Mental illness linked to cigarette addiction
Posted: July 15, 2008
Dr. R. Andrew Chambers is an assistant professor of psychiatry at the Indiana University School of Medicine.
Question: Do mental illnesses and cigarette addiction go hand in hand?
Answer: That's correct. One recent study documents that up to 50 percent of cigarettes are smoked by people with some form of mental illness. This includes schizophrenia, bipolar disorder, major depression, anxiety disorders, post-traumatic stress disorder, borderline personality disorder.
In the general population, the smoking rate is between 20 and 25 percent, depending on where you live. In schizophrenia, the smoking rate is 75 to 90 percent. Alcoholism is about 80 percent. Bipolar disorder is 60 to 70 percent, and major depression is 40 to 50 percent.
Q: Why is there a link between smoking and nicotine addiction?
A: The traditional theory is that people are self-medicating and they're receiving some kind of benefit from the nicotine. There is evidence out there that nicotine in certain circumstances does have cognitive-enhancing effects or might be a modulator of mood or anxiety.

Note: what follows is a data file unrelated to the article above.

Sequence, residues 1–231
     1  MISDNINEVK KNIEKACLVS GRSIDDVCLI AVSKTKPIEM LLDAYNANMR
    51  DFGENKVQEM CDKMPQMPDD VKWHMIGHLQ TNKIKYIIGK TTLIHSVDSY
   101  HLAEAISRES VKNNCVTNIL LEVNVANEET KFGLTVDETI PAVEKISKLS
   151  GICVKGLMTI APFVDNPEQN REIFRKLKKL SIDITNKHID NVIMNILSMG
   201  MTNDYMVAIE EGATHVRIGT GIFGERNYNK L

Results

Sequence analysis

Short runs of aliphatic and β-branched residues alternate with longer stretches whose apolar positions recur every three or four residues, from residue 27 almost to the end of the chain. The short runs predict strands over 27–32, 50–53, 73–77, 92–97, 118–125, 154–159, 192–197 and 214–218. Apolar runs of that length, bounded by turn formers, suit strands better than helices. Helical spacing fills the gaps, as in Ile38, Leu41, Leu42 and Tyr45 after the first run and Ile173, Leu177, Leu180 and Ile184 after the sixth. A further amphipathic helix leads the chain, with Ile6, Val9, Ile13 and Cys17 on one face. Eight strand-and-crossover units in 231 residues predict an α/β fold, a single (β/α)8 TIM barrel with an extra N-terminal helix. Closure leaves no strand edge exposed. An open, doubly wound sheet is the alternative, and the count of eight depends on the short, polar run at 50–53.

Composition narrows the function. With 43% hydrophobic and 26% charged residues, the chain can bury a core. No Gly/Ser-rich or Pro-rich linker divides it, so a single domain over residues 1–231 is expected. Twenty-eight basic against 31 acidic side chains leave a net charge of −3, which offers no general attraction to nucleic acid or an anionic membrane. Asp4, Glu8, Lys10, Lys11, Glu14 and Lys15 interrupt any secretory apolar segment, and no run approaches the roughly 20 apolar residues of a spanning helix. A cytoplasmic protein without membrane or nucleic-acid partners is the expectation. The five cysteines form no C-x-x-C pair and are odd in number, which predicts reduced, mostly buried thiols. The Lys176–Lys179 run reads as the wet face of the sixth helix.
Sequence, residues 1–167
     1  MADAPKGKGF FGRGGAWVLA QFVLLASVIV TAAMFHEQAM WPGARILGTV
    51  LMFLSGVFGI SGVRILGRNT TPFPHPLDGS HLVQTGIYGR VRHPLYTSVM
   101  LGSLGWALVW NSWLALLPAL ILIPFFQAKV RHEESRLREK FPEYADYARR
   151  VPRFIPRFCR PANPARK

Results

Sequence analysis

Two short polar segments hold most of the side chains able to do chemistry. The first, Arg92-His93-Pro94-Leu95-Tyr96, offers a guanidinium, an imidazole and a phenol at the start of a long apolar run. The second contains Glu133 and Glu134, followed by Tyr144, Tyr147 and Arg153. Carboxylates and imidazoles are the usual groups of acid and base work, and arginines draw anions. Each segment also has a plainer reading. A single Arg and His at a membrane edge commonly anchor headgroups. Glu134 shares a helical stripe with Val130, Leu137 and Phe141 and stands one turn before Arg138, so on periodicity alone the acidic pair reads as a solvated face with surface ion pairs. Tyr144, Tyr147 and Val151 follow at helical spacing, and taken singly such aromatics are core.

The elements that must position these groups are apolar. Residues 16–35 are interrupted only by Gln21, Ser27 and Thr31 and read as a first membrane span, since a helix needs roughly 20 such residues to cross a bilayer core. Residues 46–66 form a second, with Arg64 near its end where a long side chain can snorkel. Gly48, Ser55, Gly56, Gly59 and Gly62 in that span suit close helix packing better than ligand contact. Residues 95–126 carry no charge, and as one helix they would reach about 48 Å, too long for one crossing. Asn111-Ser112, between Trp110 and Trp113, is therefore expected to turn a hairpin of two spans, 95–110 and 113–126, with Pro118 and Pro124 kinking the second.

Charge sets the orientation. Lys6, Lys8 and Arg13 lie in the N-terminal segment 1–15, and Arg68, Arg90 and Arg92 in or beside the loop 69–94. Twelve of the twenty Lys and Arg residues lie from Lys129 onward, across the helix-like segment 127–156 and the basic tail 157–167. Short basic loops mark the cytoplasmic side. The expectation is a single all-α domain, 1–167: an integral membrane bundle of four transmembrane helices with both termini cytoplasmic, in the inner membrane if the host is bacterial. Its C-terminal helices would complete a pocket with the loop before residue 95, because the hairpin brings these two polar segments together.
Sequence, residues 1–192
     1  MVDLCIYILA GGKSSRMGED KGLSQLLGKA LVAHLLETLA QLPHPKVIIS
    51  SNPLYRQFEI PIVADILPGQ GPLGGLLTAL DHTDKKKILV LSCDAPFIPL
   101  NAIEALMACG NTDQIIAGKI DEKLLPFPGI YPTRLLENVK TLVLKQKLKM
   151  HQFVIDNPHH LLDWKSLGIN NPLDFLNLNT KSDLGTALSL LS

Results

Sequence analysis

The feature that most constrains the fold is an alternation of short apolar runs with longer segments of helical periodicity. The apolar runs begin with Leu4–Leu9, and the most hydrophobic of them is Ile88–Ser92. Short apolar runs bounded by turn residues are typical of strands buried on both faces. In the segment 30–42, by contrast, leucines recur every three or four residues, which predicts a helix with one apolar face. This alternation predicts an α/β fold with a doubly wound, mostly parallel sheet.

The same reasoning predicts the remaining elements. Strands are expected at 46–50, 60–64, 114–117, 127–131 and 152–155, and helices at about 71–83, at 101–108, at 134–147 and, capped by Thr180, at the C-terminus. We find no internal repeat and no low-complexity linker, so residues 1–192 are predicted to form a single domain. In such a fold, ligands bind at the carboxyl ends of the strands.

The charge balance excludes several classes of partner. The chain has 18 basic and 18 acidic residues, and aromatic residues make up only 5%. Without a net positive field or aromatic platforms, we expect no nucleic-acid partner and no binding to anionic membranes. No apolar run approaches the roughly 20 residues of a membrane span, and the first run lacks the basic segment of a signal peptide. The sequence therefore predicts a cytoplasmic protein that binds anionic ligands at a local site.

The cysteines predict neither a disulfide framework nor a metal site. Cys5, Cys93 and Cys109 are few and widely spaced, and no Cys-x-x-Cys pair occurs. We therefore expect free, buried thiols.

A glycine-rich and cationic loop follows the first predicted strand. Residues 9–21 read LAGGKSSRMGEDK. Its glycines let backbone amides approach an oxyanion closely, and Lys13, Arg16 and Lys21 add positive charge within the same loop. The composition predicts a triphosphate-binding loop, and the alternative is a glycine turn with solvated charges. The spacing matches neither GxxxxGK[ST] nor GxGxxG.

Another theory is that people with mental illness are more susceptible to the disease of addiction. There's quite good evidence for that because you also see addictions with many other drugs, such as cannabis, cocaine and alcohol. It may be that nicotine is just a not-so-unique example of a broader picture.
There's a third cutting-edge perspective that nicotine can change the brain, especially in adolescents. In 90 percent of smokers, smoking begins between 15 and 25, when the brain is undergoing a lot of changes. Nicotine exposure in that period can change the brain chemistry in a way that may make you more susceptible to mental illness.
Q: So are different smoking cessation methods recommended for the mentally ill?
A: That is being looked at. Self-medication is the most popular theory, but ironically the least validated. If you label it self-medication, the label does not acknowledge that they're addicted, and when clinicians go along with that, they're sort of rationalizing the drug use.
The cultures of mental health care and addiction-ology are segregated. That creates huge problems. Most of our patients who need mental health care have an addiction of some kind. Yet we have an amazing inability to effectively treat those addictions.
Chantix, the newest drug for smoking addiction, appears to be very effective. When that drug was developed, the trials excluded people with mental illness. It got approved and the drug shows efficacy, but now we're finding out this drug has all kinds of implications for people with mental illness.
What I'm arguing for is for psychiatrists to be trained in addiction. But that's a long way off.